Education Scotland worked closely with directors of education and others to develop a strong, comprehensive package of course materials for all 95 national 4 and national 5 courses. More than 15,000 practitioners have accessed the materials to date. Thus far, the total number of teachers who have expressed any concerns over the content to Education Scotland is two.
The course materials are exemplars. The flexibility of curriculum for excellence means that there is no one set course. Teachers are free to use the materials, draw from them and adapt them for their local contexts or to develop their own courses.
At briefings with ministers and civil servants, we were assured that all teachers now had well-developed resources and materials and that they were all tooled up for teaching all phases of the curriculum. However, we have reports from teaching unions and others that in some subjects, such as maths and the sciences, teachers are complaining that what they have received is unsatisfactory. What is the Scottish Government doing to speak to teachers and the teaching unions about those concerns?
The Government takes seriously the need to engage with teachers and we recognise the need for teachers to be satisfied with the materials that they have. Overall, the Educational Institute of Scotland welcomed the issuing of materials and in particular the distribution of final assessment support papers on 30 April.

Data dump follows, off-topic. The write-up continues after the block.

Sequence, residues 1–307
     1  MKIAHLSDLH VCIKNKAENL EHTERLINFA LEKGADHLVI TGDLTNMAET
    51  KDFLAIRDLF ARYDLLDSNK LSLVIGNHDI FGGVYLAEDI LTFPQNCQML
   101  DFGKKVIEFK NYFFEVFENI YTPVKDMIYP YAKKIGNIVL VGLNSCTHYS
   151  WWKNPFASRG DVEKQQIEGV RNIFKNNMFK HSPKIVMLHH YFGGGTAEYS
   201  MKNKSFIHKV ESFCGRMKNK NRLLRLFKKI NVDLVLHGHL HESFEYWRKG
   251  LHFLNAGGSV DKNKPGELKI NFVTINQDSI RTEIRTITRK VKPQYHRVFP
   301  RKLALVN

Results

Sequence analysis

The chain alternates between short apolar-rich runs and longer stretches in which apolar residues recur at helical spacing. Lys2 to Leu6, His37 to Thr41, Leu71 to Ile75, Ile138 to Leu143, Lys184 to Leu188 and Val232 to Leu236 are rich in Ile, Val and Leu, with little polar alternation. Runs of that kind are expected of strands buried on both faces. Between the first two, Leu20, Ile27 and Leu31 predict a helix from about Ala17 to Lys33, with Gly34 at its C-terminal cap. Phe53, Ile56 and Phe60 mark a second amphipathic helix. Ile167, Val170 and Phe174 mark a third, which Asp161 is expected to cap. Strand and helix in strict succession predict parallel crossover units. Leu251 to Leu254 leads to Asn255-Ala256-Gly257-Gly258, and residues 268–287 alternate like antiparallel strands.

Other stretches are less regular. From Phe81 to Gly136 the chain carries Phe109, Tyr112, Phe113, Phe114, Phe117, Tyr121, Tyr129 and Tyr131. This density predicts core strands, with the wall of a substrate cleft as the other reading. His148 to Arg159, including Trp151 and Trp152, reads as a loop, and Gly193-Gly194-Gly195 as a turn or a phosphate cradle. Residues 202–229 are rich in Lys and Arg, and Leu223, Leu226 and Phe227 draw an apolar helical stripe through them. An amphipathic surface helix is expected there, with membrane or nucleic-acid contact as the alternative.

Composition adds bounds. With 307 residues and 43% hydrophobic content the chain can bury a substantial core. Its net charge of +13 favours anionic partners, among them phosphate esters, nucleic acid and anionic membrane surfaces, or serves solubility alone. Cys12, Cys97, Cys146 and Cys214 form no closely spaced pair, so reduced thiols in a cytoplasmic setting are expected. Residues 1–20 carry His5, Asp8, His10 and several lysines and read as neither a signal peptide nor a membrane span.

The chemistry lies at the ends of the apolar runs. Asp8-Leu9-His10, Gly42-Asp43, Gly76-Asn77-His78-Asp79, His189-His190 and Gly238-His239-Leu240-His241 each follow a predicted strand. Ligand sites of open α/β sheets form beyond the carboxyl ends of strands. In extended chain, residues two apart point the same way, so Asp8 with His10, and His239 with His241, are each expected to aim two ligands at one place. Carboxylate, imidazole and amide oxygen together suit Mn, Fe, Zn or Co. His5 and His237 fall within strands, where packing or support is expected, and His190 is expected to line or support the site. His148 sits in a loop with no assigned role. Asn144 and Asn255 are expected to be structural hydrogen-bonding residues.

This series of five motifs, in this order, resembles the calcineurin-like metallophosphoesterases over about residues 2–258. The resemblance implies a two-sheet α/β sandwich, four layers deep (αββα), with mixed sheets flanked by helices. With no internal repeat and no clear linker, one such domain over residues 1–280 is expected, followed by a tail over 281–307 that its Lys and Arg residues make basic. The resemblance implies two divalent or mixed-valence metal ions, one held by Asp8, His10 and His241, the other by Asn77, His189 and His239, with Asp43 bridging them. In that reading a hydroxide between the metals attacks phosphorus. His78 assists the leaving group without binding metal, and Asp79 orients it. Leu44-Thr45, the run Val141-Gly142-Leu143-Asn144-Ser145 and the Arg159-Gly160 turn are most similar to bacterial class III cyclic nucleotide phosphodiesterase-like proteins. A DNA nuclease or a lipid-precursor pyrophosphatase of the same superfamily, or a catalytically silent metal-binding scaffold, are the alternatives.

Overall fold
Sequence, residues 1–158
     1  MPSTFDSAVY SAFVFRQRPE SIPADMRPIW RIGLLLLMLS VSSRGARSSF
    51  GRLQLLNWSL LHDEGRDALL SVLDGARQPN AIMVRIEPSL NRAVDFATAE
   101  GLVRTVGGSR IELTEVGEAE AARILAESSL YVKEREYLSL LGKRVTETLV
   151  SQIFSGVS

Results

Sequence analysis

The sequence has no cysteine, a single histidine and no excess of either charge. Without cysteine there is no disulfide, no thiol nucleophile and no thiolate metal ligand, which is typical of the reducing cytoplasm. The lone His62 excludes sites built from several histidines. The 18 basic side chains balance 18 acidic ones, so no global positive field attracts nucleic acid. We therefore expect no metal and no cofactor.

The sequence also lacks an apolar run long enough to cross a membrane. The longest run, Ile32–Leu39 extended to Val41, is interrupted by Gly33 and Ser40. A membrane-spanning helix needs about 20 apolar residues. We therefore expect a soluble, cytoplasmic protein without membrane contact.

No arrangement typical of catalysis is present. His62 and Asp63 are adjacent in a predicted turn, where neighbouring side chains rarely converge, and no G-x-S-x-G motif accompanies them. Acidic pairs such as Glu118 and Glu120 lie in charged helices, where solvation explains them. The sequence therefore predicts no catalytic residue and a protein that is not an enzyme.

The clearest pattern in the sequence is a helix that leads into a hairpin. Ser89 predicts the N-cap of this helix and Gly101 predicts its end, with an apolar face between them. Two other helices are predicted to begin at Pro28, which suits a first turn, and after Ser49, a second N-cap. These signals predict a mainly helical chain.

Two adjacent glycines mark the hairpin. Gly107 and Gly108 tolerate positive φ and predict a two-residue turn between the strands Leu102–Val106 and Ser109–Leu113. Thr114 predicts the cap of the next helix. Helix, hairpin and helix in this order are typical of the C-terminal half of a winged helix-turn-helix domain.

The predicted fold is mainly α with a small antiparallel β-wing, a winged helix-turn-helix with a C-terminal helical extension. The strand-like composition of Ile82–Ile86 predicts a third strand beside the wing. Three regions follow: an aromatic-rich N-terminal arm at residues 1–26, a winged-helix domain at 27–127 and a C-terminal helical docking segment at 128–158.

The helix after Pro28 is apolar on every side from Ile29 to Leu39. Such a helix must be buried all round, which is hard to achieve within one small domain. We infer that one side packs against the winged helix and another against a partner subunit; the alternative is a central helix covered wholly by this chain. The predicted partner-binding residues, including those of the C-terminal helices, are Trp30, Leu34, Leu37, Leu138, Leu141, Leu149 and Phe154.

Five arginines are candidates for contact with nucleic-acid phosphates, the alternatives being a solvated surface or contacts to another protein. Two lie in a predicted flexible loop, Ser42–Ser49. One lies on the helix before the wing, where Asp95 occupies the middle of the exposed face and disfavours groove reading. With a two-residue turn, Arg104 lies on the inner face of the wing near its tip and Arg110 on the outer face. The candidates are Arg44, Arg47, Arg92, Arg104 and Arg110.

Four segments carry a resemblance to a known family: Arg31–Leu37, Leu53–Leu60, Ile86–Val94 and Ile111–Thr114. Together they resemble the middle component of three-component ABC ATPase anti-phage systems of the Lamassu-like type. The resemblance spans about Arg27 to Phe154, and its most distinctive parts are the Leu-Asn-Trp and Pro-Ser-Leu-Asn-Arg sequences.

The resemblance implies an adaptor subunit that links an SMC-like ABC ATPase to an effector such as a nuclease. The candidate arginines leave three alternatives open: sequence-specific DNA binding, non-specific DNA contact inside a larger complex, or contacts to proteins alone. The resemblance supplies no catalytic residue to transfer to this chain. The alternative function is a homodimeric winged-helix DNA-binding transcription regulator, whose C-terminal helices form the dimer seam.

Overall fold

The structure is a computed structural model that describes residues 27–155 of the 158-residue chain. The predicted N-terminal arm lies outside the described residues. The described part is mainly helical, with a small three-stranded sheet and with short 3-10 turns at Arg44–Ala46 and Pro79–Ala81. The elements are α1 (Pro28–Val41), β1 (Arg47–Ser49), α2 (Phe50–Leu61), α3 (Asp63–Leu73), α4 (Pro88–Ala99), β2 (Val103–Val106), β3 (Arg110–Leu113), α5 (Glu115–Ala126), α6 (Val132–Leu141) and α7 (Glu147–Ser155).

The Scottish Qualifications Authority has produced sample exam papers in addition to Education Scotland’s professional focus papers. There have been 150 events around the country at which Education Scotland and other agencies have sought teachers’ views, and the Government and Education Scotland always stand ready to ensure that teachers are satisfied with the new exams.
I stress that the materials that are being provided are exemplars. One purpose of curriculum for excellence is to allow teachers the freedom to teach in the way that they believe is best fitted to achieving the aims that we all share.
I certainly welcome those comments and the fact that there is international interest in curriculum for excellence and in what is happening in Scotland’s schools. I feel that curriculum for excellence is now becoming what happens in Scotland’s schools; it is no longer merely a theory, and we can all do a great deal to work together to ensure that further positive interest is taken—both nationally and internationally—in what we are doing.